A good book with smooth writing and a thoughtful message.
Many people think Tola Riley as a really strange girl. A girl with too much imagination. A freakish green-haired girl. A girl who has piercing on her nose and maybe some mysterious parts on her body. The hottest news about Tola Riley is, she has affair with her art teacher, Mr. Mymer, and the teacher gets suspended because of their love thing.
People talk about Tola all the time. Classmates mock her. Enemies stalk her. Family refuses to talk about the affair issue. Reporters digging news around the neighborhood, interviewing everyone who thinks that they know the real story. Do they really know?
No one ever listens, so why bother to explain? Why not leave up to their expectation? Why not enjoy the amusement of being a bad girl?
The truth is not as glamour as it sounds. Tola does dye her hair emerald green, and the only piercing she has is on her nose. She is a talented artist who loves to paint based on her fairytales fantasy. She loves Grimm’s fairytales very much and she loves to bring Grimm’s book all the time because she wants to remind people that fairytales are grim. And Tola is never, ever has an affair with her art teacher. She’s friends with Mr. Mymer, yes, and she does accidentally meet him in the museum that day. But nothing has ever gone between them.
No one has bothered to listen anyway. Everyone quickly jump into conclusion that Tola is a confused, young girl who has been persuaded by her art teacher. Tola’s mother is furious, and she will do anything to make Mr. Mymer fired. No one will listen, because Tola is a liar.
Will Tola tell the truth? Will people believe in her? And most importantly, will her family finally listen to her and break the ice between them?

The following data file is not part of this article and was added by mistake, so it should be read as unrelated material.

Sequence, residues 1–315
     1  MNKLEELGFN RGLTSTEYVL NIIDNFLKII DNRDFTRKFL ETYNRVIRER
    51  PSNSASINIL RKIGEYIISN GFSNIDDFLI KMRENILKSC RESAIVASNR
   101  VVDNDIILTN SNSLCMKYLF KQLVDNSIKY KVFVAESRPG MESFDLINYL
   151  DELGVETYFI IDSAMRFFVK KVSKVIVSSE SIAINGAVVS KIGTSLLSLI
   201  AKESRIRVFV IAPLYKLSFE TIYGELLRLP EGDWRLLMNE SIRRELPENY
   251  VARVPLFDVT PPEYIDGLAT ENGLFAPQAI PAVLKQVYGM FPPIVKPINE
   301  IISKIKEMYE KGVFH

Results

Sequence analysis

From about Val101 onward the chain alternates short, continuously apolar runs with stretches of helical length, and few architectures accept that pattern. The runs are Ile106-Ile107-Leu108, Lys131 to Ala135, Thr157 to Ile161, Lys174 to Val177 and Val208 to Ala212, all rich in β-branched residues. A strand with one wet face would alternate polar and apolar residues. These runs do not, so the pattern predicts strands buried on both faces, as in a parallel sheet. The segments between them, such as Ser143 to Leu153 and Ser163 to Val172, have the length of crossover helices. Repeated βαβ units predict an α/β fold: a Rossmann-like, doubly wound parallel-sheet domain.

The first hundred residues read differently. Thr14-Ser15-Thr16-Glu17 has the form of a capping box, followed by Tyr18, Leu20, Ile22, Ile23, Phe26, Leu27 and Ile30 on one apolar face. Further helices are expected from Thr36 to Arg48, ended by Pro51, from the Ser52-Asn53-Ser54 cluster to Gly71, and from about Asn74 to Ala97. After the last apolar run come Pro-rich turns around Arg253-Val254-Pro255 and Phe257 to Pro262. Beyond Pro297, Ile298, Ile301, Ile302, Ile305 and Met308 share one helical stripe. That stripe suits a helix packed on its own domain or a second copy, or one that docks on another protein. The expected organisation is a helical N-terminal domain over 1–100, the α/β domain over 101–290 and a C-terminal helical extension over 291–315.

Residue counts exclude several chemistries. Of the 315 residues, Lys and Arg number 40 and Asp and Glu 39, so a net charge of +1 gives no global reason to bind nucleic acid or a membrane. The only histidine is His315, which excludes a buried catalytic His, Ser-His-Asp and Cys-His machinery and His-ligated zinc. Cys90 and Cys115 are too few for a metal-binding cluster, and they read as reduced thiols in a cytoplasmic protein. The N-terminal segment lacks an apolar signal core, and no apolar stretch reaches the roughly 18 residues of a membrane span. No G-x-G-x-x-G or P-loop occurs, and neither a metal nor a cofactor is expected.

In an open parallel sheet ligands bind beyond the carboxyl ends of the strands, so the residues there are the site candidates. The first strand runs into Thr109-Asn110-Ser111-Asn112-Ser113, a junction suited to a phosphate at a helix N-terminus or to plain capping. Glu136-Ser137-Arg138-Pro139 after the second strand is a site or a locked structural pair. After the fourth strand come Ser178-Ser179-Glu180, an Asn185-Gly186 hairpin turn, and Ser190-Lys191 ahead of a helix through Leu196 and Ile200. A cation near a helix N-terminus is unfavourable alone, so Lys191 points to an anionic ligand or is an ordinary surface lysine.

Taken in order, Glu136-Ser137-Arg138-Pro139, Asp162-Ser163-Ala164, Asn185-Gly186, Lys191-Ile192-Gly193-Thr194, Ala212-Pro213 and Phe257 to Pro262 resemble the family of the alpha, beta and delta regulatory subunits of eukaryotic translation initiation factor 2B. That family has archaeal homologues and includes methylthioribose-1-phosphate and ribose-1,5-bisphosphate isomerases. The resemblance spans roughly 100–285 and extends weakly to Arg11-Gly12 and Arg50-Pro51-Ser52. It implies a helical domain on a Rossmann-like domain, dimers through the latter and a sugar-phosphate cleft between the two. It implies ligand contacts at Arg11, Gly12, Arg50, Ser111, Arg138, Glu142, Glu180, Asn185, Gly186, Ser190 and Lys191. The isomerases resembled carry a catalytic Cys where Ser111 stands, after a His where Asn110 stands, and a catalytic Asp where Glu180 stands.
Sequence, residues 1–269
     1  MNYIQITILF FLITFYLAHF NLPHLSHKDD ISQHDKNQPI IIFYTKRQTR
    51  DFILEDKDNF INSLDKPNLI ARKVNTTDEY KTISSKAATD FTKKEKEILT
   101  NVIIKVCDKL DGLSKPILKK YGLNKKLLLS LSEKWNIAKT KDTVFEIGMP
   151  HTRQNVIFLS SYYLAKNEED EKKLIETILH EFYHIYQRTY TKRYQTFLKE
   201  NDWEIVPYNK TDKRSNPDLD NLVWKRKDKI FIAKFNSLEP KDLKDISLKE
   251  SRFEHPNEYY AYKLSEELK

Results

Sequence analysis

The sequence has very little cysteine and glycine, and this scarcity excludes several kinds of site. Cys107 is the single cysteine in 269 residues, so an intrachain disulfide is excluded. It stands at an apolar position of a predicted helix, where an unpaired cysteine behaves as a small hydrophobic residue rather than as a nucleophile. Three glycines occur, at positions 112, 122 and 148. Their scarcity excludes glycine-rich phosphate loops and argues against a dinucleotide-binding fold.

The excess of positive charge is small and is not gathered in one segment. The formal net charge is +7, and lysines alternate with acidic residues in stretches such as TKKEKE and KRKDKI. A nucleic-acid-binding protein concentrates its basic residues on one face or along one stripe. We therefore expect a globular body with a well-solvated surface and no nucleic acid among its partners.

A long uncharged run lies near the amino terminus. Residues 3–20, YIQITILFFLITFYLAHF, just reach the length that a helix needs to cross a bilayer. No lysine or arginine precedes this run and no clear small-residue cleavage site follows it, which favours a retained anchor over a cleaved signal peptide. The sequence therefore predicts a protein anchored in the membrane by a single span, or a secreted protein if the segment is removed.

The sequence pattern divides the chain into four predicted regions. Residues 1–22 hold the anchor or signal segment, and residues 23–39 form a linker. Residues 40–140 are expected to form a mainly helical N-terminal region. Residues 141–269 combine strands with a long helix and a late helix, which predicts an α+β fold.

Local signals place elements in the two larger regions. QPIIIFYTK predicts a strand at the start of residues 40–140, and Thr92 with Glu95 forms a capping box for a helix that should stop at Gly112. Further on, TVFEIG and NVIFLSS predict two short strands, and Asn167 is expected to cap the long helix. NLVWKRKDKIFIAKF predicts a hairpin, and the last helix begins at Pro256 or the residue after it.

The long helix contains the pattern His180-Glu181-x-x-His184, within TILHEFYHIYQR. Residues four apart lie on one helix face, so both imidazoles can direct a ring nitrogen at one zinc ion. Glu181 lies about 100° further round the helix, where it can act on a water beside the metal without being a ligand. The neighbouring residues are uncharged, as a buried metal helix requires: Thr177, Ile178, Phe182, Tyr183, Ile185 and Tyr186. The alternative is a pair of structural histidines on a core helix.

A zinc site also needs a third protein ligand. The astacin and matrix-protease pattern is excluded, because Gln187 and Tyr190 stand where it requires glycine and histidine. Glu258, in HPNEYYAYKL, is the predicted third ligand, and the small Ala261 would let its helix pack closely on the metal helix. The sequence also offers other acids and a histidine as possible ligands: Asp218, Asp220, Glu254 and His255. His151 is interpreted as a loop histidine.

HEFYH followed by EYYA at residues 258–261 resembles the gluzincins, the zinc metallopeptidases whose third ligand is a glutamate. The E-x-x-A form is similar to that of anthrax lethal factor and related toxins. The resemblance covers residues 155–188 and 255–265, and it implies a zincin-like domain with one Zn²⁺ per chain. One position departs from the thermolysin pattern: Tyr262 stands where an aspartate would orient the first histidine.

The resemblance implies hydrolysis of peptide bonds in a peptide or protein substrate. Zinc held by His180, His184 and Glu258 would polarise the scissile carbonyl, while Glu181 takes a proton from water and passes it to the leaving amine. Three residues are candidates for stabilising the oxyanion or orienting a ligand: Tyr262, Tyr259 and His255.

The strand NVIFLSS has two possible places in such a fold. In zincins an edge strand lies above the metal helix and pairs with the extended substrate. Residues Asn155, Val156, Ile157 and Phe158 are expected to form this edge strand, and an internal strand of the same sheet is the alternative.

Bad Apple is a simple and quick-read book, and I enjoy reading it. Tola’s character seems very real to me with her artistic side and her obsession with fairytales. Tola is very fond of telling the fairytales when people are begging her to tell the truth. Fairytales, with the twist of fate and wicked step-mother, seem like a sort of escape for Tola. Ever since her father leaved her family, Tola always tells fairytales, so much that people call her liar.
There will be times when you start wondering: who is telling the truth, Tola or people around her? Sometimes you can’t tell whether Tola is making up fairytale to herself or she speaks honestly. I am pleased that Tola and her family are growing up throughout the story. I don’t feel quiet much attachment with this book though. I think there are not much left stories about supporting characters like June or Seven. Still, I like this book, the repeatedly mentioned of some fairytales, and the clear message of the story.
You have to figure out what you believe all for yourself.
I rate this book:
Three maples! Like it, but doesn’t give me much impression. Recommended to read in spare time.